Counterfeiting continues to be a major problem in the electronics supply chain. IHS iSuppli reported last year that over 100 incidents of counterfeiting came to light each month in 2012, and that the number of high-risk suppliers increased by over 60 percent between 2002 and 2011.
More recently, US and UK organizations related to the electronics supply chain announced an initiative to share information on counterfeit and high-risk parts.
One approach to cut counterfeiting would be to adopt a business process that says that all parts must be sourced from authorized distributors. But counterfeits can be difficult to spot. They could be failed parts from an approved supplier that weren't destroyed and then diverted by criminals into the supply chain. Or, they could be lower-grade components repackaged to resemble more expensive devices.
PUF, the magic bullet
A better approach would be to build unique identifiers into components. But not all identification techniques are created equal.
A device code can identify a component as a member of a category of products. This code is easy for criminals to reverse engineer. If they figure out the marking technique, it becomes pretty much worthless.
Physically unclonable functions (PUFs) are considered to be both tamper resistant and hard to spoof. PUFs attempt to “tie a device to its mark of authenticity by leveraging inherent variations in manufacturing processes.” An untrusted supplier can't create a copy of the circuit because it's impossible to control manufacturing process variations.
PUFs take advantage of the fact that every integrated circuit on a board is somewhat different from its neighbors, even though they work the same. For example, internal static random access memory (SRAM) chips display patterns of ones and zeros when they are first powered up, which are random from one die to the next, but which are consistent for any one particular die. This pattern can be used as an unclonable device fingerprint. Unclonability means that it is “infeasible to produce two PUFs that are indistinguishable.”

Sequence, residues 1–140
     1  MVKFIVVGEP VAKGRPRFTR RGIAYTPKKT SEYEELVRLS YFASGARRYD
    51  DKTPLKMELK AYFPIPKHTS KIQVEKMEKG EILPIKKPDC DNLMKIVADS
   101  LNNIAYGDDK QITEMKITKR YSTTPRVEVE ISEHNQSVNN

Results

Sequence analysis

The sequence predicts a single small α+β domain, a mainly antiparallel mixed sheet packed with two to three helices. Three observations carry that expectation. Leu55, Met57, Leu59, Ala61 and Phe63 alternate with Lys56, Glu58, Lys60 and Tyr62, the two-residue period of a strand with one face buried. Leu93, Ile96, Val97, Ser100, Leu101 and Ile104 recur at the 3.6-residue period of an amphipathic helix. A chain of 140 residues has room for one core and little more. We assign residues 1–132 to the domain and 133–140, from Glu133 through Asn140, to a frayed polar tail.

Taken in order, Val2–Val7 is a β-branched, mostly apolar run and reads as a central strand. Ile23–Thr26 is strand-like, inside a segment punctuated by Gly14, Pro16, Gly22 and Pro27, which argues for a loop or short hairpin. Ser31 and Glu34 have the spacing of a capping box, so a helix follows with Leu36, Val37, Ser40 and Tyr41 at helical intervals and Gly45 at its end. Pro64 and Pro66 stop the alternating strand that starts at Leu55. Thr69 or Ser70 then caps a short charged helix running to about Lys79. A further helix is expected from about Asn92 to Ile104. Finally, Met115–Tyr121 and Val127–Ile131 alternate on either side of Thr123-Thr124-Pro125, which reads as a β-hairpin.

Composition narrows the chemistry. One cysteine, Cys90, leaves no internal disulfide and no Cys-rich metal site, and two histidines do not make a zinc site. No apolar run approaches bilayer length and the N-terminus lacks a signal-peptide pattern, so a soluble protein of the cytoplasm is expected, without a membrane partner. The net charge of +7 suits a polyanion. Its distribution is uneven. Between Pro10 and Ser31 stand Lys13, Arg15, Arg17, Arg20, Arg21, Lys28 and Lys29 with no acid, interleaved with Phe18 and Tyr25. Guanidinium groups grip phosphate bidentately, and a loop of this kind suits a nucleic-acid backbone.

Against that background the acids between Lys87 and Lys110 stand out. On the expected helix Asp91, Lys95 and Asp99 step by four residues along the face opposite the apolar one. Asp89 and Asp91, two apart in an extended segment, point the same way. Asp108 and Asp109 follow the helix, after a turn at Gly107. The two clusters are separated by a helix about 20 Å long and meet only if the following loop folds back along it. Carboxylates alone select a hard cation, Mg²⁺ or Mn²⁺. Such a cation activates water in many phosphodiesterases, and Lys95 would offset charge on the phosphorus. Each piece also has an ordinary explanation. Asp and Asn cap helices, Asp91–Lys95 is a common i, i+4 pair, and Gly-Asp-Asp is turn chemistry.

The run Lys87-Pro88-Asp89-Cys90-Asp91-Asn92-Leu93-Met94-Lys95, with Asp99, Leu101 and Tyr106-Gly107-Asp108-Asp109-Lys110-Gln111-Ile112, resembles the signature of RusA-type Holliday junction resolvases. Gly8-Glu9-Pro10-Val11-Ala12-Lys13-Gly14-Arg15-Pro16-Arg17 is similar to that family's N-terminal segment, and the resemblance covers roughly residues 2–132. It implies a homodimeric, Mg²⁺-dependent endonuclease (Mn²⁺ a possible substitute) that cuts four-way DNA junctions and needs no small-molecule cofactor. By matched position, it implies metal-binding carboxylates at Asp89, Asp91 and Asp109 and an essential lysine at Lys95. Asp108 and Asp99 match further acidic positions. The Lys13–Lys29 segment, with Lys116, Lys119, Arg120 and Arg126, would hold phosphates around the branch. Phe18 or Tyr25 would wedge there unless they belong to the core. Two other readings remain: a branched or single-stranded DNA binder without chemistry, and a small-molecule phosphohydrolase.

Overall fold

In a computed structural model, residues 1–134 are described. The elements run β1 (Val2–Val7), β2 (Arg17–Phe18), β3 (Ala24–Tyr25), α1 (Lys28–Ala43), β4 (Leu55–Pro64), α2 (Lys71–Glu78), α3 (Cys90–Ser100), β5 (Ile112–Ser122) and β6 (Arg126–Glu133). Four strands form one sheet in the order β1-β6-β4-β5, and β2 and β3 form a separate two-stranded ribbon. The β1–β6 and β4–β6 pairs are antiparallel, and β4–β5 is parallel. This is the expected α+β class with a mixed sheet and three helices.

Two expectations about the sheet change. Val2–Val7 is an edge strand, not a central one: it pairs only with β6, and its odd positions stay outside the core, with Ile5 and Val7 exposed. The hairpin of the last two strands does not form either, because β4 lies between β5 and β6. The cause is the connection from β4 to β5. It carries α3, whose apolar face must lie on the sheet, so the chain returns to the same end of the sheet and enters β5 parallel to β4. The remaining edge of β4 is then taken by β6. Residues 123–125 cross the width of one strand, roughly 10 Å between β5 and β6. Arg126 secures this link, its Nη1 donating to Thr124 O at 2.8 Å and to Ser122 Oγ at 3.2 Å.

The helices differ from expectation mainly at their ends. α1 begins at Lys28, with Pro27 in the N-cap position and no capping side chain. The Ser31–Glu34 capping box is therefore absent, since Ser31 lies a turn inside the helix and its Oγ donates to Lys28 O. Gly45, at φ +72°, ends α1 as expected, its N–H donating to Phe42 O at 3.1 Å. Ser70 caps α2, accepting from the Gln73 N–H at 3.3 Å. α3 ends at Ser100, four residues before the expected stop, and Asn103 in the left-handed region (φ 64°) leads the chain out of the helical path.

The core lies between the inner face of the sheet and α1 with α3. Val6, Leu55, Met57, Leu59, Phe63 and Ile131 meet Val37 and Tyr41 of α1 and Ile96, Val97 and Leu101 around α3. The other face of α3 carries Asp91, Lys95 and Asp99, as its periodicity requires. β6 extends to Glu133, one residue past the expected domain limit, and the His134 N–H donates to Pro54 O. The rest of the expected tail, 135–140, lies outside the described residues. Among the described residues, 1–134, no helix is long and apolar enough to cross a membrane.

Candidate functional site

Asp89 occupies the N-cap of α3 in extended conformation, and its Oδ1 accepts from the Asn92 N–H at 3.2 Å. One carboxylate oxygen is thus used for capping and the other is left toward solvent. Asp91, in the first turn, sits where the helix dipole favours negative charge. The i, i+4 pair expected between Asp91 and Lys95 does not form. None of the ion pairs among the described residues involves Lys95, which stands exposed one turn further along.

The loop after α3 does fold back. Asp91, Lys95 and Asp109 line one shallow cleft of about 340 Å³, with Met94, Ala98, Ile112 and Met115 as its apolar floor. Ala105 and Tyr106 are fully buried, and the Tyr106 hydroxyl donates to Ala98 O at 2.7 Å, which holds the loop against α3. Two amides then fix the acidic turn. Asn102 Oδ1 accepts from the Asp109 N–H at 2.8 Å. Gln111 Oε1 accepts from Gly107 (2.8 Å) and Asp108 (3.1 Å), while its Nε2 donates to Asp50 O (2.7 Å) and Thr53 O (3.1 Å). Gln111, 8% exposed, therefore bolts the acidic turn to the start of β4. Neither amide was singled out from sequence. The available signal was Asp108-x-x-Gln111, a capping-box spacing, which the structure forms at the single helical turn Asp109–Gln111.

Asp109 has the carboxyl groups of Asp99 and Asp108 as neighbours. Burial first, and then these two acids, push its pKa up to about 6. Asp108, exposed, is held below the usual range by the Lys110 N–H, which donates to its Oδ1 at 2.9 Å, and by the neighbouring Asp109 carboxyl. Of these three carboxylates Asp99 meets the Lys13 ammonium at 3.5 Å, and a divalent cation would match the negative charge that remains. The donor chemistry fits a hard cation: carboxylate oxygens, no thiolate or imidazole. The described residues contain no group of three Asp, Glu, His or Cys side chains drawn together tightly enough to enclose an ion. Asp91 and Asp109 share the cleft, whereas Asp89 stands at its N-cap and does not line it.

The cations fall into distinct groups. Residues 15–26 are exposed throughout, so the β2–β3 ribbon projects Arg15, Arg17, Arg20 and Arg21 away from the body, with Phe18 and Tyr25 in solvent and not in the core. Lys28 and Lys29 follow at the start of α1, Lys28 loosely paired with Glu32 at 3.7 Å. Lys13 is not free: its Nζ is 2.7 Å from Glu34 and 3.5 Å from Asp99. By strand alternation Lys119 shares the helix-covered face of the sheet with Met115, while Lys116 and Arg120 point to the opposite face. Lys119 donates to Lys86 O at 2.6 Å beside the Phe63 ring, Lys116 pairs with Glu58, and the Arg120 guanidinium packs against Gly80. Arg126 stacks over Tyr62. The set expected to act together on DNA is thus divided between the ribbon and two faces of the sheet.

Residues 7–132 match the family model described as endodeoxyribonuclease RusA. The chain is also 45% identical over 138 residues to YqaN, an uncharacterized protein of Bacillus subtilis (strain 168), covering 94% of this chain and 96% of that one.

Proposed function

Trust but verify
Testing for authenticity involves querying the certification circuitry with challenges and receiving responses consistent with a public key supplied by the manufacturer. That process requires the presence of specific hardware, such as embedded non volatile memory (eNVM) — memory that can retain stored information when not powered — to store the data, and a communications interface to allow the data to be read.
With this hardware in place, together with sufficient computational capability to implement cryptography, the manufacturer injects a secret key into the device at the point where the wafer is tested, followed by a digital certificate bound to the secret key at the assembly stage. This provides a certificate that has been signed by the original component manufacturer and which supports downstream anti-counterfeiting measures. The certificate can be interrogated at any point in the supply chain, allowing suppliers and end users to trace the authenticity of the components and providing a counterfeit-free downstream supply chain.